Theses and Dissertations

Issuing Body

Mississippi State University


Stone, Tonya W.

Committee Member

Newman Jr., James C.

Committee Member

El Kadiri, Haitham

Committee Member

Hammi, Youssef

Date of Degree


Original embargo terms

MSU Only Indefinitely

Document Type

Dissertation - Campus Access Only


Mechanical Engineering

Degree Name

Doctor of Philosophy


James Worth Bagley College of Engineering


Department of Mechanical Engineering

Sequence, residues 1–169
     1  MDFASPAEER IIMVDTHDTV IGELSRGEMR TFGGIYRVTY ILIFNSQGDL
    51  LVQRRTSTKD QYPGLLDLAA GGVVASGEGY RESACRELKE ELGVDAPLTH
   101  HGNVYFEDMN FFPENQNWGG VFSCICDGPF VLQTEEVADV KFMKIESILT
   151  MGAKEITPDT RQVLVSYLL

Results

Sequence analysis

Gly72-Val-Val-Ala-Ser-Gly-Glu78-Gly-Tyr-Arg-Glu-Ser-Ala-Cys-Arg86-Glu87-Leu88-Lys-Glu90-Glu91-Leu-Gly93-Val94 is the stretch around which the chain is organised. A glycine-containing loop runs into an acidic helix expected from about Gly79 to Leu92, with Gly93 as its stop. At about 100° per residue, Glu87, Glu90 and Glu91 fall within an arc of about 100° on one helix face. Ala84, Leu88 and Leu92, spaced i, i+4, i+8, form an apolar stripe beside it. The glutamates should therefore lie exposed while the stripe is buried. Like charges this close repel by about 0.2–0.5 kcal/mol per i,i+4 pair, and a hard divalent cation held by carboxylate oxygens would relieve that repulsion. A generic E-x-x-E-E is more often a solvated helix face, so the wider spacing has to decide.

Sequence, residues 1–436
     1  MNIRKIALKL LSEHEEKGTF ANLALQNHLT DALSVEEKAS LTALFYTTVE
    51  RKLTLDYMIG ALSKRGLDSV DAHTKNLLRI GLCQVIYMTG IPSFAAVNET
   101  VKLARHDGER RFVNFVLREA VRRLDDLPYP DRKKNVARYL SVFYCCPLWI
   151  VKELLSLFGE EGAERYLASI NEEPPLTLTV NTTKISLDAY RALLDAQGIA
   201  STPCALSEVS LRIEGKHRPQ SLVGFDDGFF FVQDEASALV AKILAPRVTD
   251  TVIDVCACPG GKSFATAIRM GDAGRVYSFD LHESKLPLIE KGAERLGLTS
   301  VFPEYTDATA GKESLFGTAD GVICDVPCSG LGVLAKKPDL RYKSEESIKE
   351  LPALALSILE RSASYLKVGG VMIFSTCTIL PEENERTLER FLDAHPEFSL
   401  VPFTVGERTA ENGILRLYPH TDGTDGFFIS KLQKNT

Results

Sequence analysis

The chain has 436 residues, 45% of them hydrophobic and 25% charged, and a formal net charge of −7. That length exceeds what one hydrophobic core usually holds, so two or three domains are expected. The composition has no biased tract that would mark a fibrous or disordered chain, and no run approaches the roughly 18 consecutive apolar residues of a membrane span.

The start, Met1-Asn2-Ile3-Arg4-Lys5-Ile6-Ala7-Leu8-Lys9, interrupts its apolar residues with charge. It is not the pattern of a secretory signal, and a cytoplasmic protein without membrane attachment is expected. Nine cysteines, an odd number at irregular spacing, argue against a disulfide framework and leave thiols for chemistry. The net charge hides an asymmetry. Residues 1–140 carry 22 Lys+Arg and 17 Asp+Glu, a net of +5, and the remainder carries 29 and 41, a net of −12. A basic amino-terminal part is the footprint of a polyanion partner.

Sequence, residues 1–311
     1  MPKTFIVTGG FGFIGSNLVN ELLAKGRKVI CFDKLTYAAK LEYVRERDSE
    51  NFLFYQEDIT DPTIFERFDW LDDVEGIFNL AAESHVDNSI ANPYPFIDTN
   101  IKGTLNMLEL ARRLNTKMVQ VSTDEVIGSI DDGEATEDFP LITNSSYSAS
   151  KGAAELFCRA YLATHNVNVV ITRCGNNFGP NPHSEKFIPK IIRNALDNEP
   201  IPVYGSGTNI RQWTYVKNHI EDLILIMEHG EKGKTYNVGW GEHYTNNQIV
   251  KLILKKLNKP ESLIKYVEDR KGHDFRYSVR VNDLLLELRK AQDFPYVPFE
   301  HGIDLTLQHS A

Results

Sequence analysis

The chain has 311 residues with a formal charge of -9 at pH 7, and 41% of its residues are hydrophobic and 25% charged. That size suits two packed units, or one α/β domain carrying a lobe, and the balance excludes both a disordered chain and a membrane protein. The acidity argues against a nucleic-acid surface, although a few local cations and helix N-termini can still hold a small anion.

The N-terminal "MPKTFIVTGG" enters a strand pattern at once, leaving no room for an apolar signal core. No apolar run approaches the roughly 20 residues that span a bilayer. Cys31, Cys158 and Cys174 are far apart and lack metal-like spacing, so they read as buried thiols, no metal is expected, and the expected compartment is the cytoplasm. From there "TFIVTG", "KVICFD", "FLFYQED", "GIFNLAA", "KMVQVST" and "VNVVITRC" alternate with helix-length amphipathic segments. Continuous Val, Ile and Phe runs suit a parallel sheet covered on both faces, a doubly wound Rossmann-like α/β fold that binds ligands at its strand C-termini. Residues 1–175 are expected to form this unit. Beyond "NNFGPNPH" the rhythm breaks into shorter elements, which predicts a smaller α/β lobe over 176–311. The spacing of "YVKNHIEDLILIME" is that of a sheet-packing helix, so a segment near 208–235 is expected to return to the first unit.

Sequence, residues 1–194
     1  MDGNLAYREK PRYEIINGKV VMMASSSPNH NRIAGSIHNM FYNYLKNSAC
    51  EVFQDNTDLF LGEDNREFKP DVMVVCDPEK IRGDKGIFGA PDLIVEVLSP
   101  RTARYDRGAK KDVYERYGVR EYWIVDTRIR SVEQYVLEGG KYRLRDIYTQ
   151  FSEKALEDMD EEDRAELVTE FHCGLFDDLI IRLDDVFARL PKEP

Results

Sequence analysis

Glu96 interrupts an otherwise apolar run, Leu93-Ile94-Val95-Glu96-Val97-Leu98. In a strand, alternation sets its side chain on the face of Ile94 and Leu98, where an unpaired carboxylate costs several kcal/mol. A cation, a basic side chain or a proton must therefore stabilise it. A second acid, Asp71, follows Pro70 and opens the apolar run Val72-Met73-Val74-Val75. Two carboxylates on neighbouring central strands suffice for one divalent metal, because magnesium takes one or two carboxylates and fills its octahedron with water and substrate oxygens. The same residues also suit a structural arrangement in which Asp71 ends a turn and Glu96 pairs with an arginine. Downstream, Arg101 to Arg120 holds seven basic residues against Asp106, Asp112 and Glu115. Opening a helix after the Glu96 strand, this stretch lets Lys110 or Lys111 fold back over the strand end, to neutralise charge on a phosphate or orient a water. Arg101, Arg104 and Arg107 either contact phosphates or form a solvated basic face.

NiTi (also known as Nitinol) is an almost equiatomic alloy of nickel and titanium and has many applications in various industries, such as biomedical, automotive, and aerospace. NiTi shape memory alloys undergo martensitic phase transformations under both thermal and mechanical loading and exhibit unique properties, such as superelasticity (SE) and shape memory effects (SME). Modeling the fatigue behavior of this alloy is very challenging due to the unique mechanical response of the material. Moreover, there are very limited studies on the fatigue behavior of this alloy under more realistic loading conditions, such as variable amplitude loading and multiaxial loading. In this study, strain-controlled cyclic experiments have been conducted in different conditions to study the variable amplitude fatigue behavior of superelastic NiTi. Nonzero mean strain/stress behavior of superelastic NiTi is investigated, and it is demonstrated that the classical fatigue models for mean strain/stress correction do not appropriately model the nonzero mean strain/stress fatigue behavior of superelastic NiTi. It is shown that, despite common metals (e.g., steel, aluminum, and titanium alloys), mean strain also affects the fatigue behavior of superelastic NiTi, as the resulting mean stress does not fully relax under cyclic load. Two energy-based fatigue models have been proposed based on the results in this study and provide acceptable correlation with experimental observations. The models proposed in this research, account for the effects of mean strain/stress and variations in cyclic deformation. The variations in the cyclic deformation can be due to several factors, such as slight changes in chemical composition, heat treatment processes, texture, etc. The predicted fatigue lives using the proposed fatigue model fall within scatter bands of 1.5 times the experimental life for constant amplitude loading. Analyses also show that the proposed total fatigue toughness parameter, ΣWt, together with the Rainflow cycle counting technique can accurately predict the fatigue life under more realistic loading condition, such as two-step (i.e. high-low and low-high) and variable amplitude load-paths.